When we arrived at our lodge, we were treated like royalty, with refreshing lemongrass-scented towels to refresh with and some fruity non-alcoholic cocktails, plus a delicious lunch that included what the bartender said was called “fruity brown rice” – mixed with fresh cut up fruit, various nuts, and a nutty brown rice. Our evening safari began shortly after that, where for the first time I got quite close to a white rhino. We observed him for quite some time on our open safari vehicle, and I watched him intently as he grazed on the grass he stood on. I kind of felt the way I did about the elephants when we were in Knysna; the rhino, also a deadly creature, seemed so innocent and cute. Its life purposes are so pure and simple: eat, sleep, and avoid getting killed. Our amazing and extremely knowledgeable safari guide reminded us that rhino poaching continues to be a massive issue in South Africa, and rhinoceros are officially an endangered species, all because of man’s obsession with owning and using rhino horns. The poaching is so bad that they have a 24-hour patrol for poaching in the area. And unfortunately, the primary demand for these horns for all types of medicinal purposes is coming from China and Vietnam…. That’s just great – where my heritage is from. The Chinese and Vietnamese have all these ridiculous beliefs that rhino horn medicine will help cure ailments from everyday sicknesses and aches to even cancer. And because such wealth exists in those countries, that demand keeps driving the killing of these creatures even though it’s illegal.

I have no idea what data exists, if any, to prove that rhino horns do anything to help human health. Where did the sheer idea even come from, anyway? It makes me feel even more distant from my mother and father cultures, and infuriated that they can be so damn deluded and stupid.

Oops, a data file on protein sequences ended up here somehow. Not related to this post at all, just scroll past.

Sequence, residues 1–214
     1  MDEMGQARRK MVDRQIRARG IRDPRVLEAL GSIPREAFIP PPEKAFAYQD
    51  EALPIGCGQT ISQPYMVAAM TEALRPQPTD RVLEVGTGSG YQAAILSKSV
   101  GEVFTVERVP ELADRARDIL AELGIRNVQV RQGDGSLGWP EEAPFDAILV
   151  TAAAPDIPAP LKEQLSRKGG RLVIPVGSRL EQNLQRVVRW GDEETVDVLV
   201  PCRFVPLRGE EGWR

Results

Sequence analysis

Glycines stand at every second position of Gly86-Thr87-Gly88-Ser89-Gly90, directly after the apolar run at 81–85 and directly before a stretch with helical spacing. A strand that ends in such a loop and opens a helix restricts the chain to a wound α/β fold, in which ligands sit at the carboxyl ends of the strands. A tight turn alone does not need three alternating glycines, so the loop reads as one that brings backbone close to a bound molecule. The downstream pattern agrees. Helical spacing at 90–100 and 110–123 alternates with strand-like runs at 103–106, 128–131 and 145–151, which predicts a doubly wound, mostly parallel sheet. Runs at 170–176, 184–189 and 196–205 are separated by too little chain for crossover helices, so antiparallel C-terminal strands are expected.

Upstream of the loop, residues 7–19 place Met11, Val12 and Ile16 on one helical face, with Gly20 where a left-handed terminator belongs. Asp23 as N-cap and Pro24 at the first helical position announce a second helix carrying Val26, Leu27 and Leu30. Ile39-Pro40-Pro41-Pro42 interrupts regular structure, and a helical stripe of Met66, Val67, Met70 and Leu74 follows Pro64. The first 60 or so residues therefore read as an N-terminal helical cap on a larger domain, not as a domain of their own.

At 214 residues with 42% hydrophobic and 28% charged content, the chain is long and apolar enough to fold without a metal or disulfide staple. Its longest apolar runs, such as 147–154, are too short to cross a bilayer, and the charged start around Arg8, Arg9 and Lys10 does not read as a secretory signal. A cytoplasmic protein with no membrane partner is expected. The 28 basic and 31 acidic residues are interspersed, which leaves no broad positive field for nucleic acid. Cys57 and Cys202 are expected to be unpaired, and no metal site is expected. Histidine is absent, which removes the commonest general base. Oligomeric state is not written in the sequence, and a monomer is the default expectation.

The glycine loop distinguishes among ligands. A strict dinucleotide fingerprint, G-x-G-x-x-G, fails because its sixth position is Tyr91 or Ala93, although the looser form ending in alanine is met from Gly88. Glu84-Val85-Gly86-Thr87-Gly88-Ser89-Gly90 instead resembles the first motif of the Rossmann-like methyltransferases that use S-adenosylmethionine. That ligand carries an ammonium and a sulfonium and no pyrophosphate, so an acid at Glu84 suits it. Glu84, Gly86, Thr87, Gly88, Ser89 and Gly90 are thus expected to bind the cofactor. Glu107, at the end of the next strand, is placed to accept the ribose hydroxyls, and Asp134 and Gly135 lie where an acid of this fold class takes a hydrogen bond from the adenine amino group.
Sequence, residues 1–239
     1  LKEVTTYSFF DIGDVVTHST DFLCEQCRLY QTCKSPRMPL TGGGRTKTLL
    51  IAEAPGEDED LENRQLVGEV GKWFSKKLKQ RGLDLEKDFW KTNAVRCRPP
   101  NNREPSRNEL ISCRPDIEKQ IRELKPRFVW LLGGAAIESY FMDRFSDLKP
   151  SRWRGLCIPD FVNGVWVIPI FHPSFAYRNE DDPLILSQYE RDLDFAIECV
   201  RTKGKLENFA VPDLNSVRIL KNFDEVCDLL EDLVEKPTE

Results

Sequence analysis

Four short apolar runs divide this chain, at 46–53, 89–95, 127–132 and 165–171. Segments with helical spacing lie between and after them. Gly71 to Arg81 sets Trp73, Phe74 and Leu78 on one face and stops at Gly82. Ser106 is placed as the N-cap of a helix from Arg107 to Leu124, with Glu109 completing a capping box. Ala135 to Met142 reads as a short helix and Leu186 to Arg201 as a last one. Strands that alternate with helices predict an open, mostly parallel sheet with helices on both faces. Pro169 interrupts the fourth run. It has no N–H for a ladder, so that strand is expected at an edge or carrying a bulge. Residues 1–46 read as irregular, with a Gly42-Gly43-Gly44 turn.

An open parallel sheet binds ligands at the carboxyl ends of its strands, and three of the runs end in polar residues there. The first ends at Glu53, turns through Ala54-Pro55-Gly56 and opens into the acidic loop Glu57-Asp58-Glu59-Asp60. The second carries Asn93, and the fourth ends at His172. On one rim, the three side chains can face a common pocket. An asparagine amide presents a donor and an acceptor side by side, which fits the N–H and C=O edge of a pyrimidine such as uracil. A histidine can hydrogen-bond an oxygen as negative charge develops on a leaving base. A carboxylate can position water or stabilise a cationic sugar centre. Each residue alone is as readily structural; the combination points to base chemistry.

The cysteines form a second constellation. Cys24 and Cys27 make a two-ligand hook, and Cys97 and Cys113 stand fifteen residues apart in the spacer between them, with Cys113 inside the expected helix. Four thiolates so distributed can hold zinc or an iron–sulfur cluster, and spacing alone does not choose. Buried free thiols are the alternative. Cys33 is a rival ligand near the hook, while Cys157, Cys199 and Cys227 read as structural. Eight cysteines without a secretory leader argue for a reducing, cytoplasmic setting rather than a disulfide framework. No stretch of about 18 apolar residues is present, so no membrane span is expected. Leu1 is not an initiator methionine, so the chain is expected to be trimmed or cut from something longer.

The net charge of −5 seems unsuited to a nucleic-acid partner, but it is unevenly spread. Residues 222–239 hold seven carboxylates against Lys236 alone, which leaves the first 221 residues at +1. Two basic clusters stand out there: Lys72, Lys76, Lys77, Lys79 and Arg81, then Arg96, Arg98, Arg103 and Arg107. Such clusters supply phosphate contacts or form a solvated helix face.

District 6

When evaluated across the world, the United States often ranks dismally low compared to its western developed world counterparts when it comes to education, based on math, science, and reading tests. My memory might not be fully clear of what I learned while in school, but I can guarantee that any history book I ever read and was assigned from K-12 never covered apartheid in South Africa to the depth that it really deserved. Considering slavery in the U.S. was never covered to the extent that I’d learned about it in historical fiction I’ve read and museums I’ve visited as an adult, that probably wouldn’t seem surprising to most.

But it’s disgusting when you think about it. We claim to be the best, most prosperous country in the world, but we as a whole know so little about the world outside of our country borders… and for some of us, outside even our own neighborhoods and cities. When visiting the District 6 Museum in Cape Town today, I was staring at everything I’d been ignorant to for pretty much my whole life until this day, and I truly felt heartbroken.

District Six was a municipal district in Cape Town in the 1860s. It was originally a very diverse, mixed group of freed slaves, merchants, artisans, laborers, and immigrants, and because of its proximity to the city and the port, it was a vibrant, lively place to be. But as the 1900s approached, the whites came in and started forcibly removing them, racial group by racial group, out of the area. Of course, the black South Africans were removed first, to be displaced to random outlying areas far from the city, making it harder for them to get to the city and work. Under the Group Areas Act of 1950, it was declared a white area, and trucks would transport people with their bare belongings to the outer areas, the houses they once called home being bulldozed right in front of their eyes.